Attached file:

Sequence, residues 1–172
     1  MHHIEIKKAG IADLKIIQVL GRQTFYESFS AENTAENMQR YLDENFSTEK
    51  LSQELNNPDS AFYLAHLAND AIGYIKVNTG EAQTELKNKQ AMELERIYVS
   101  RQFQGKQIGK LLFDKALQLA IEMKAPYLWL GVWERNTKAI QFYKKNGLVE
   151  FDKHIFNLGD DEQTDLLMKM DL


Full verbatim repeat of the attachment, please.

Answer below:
Sequence, residues 1–172
     1  MHHIEIKKAG IADLKIIQVL GRQTFYESFS AENTAENMQR YLDENFSTEK
    51  LSQELNNPDS AFYLAHLAND AIGYIKVNTG EAQTELKNKQ AMELERIYVS
   101  RQFQGKQIGK LLFDKALQLA IEMKAPYLWL GVWERNTKAI QFYKKNGLVE
   151  FDKHIFNLGD DEQTDLLMKM DL